Dealing With a Negative Crew Member: Seven Skills to Try

Author: IAFF Staff

September 29, 2019

Experiencing positive social connections is critical to individual resilience. This is especially true in the fire service. Think about your typical shift at the firehouse. Often, it’s not how many calls you run that determines how the day will go — it’s the crew you are working with and the quality of those interactions.

Research by renown psychologist Dr. Barbara L. Fredrickson has determined that for every negative interaction we have at work, we need at least three positive interactions to counteract the impact on our mood, brain and bodies. Think about your last shift or how your day is going today. Did you get enough positive interactions to counteract any negative ones?


Everyone is bound to have a bad day at some point. Whether it’s due to stress at home or challenges on the job, if a crew member brings a bad attitude to the shift, it’s not long before the rest of the crew is affected. While some degree of venting is important for emotional validation and comradery, too often we find ourselves stuck in a negative conversation or cyclical complaining at the kitchen table. It’s true at the station, at home and with friends — often misery loves company.

Redirecting a Negative Conversation: An Essential Life Skill

Instead of getting sucked into some else’s bad mood, next time try a few of these skills to redirect a negative conversation. You’ll be surprised how a subtle tweak in your response is sometimes all that’s needed to turn around a conversation.
  • Empathize: This is simply saying to someone, “Hey, I can understand how you feel in this situation.” Sometimes just feeling emotionally heard is enough to help a person move on.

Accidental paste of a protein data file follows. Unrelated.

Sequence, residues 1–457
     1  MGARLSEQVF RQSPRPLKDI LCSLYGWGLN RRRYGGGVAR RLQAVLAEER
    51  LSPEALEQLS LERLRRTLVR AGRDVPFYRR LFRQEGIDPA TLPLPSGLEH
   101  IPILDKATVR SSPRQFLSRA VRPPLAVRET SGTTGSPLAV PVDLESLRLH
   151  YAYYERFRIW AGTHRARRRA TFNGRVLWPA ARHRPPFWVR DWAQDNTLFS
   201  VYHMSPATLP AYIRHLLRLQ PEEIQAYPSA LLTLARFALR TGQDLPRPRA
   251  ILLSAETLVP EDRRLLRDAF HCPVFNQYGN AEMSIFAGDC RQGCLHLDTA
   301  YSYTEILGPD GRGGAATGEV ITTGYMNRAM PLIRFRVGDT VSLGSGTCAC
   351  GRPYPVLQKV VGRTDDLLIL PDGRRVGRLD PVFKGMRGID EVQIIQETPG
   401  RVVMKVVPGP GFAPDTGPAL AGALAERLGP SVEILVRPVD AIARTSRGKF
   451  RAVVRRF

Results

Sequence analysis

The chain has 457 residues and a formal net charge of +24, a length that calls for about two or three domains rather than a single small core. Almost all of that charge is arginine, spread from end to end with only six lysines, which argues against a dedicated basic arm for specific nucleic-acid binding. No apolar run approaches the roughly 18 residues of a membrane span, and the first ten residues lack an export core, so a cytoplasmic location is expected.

• Offer encouragement: Expressing positive regard and confidence in another crew member can go a long way. “Hey, I know the chief is riding you hard lately, but he knows the good things you’re capable of.”
  • Validate their perspective: Beyond recognizing someone’s feelings, offering validation means you acknowledge their perspective on a situation. A captain might offer, “I hear the feedback that B shift hasn’t been cleaning up around here and you are right; it was a mess today and I’ll address it.”
  • Use humor to deflect: A well-timed joke can always help lighten the mood and help everyone take themselves a little less seriously. Humor is good medicine, as long as it is not always at someone’s expense.
  • Ask for clarification: Use a neutral tone to clarify the problem. An example might be, “So, it sounds like you’re frustrated that community events seem to disproportionately fall on this shift? Or, are you more annoyed that the time of the event conflicts with your workout?”
  • Change the subject: Simply change the focus of the conversation and shift to a neutral subject. “I know those repeat callers really test my patience, too. Anyway, what are you and the kids up to this weekend?”
  • Do not engage: When all these skills have failed and someone is really set on pulling you in, you always have a choice to disengage. This means you simply don’t respond. If necessary, calmly get up and walk away.
It’s up to you to create positive interactions with your crew members, friends and family in your daily life. While interpersonal skills come easier to some than others, changing the way you interact with negativity and the world around you is a primary goal of behavioral health treatment.

Untreated mental health problems can make it a lot harder to put your best foot forward in relationships. If you are an IAFF member struggling with depression, substance abuse, trauma or grief, consider calling the IAFF Center of Excellence today for a free screening. The Center is a residential behavioral health treatment facility exclusively for IAFF members located about 45 minutes from IAFF headquarters in Washington, DC. The Center offers detox, inpatient, partial hospitalization, intensive outpatient and outpatient levels of care for alcohol, substance abuse and other behavioral health problems.  

__________________________________   Lauren Kosc, M.A., LCPC is a behavioral health specialist, clinician and blog editor for the International Association of Fire Fighters. If you are an IAFF member in recovery and want to share your story, contact [email protected].

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